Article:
It comes as no real shock that Rogue One continues to dominate the holiday season box office. With a midweek boost in response to the recent passing of Carrie Fisher, the Star Wars Expanded Universe film has racked up another $153 million at the domestic box office (its total worldwide take is nearing $700 million and it should handily pass that mark before the end of the New Year's weekend.
The only other entry in the field even in the same ballpark is Sing, with $103 million over the past week. Sing has only been out for nine days and has brought $184 million in to the house that the Minions built. That does put it just shy of Illumination Entertainment's Secret Life of Pets' first week's take, but by less than a million. It will take until the end of the first full week of January to get a sense it it will be on track to bring in anywhere near their past few entries which have all seen worldwide totals upwards of $800 million.
Then there is… the long tooth entries, and the newcomers that no-one seems to really care to see before picking them up on Blu-Ray.
The next closest entry is Disney's animated Polynesian musical princess adventure, Moana, bringing in $26 million over the past week. Given that the film has been out since Thanksgiving, it shows the relative weakness for the rest of the current wide-release box office offerings. Unfortunately for a Walt Disney Animated Studios film, it's only brought in $343 million worldwide, which currently looks to wind up their weakest performer since they released Bolt in 2008 (if you don't remember it, it's ok, I didn't either).
The close battle between other newcomers is between 4th and 5th places with the culture-clash comedy film, Why Him? beating out the Assassin's Creed by just shy of a million ($24.5 million to $23.5 million, respectively). With an overall production budget of $38 million, at least Why Him? should wind up ending in the black. However Assassin's Creed continues the trend of game-to-screen adaptations being received generally poorly – the highest Rotten Tomatoes rating of game-to-screen adaptations is 2001's Final Fantasy: The Spirits Within, and Mediacritic's highest rating was 58 with 1995's Mortal Kombat. With a pre-marketing production budget of $125 million, unless the international market swings in to save the day like it did with Warcraft, there'll be nothing but red ink flowing back at Regency and Ubisoft.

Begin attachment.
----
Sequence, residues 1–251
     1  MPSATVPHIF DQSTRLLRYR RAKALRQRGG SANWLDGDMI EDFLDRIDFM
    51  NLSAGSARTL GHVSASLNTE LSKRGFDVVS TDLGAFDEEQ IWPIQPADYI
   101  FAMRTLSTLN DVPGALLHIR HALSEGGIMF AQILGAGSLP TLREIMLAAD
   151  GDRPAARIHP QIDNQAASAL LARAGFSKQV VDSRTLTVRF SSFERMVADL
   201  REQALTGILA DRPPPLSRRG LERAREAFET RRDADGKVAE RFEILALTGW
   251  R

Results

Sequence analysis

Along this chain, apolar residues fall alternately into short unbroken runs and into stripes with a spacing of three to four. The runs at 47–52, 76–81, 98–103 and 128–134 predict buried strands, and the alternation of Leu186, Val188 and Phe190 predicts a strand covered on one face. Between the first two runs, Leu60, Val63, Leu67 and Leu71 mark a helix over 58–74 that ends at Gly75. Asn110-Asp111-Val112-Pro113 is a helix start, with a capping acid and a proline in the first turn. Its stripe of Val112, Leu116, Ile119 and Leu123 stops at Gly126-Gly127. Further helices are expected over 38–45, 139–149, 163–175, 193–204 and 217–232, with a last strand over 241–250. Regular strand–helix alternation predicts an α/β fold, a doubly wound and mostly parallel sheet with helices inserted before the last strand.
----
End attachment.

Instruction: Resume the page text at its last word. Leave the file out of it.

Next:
Denzel Washington's screen adaptation of his Broadway revival of Fences has performed exceptionally strongly, bringing in $20 million in it's first week of wide release. The wildly overrated La La Land (one would think that many critics had never seen a musical before), rounds out the top 7 with a weekly take of shy of $17 million.
There's only a handful of new releases this weekend, and while two of them are strong awards-season contenders they've had little publicity – Paterson, starring Adam Driver as a bus driving poet (yes, really), and 20th Century Women (an ensemble dramedy set in the 70's ). Neither should really move the dial on the box office results. I expect Moana to drop down a few spots, but the rest remaining relatively unchanged.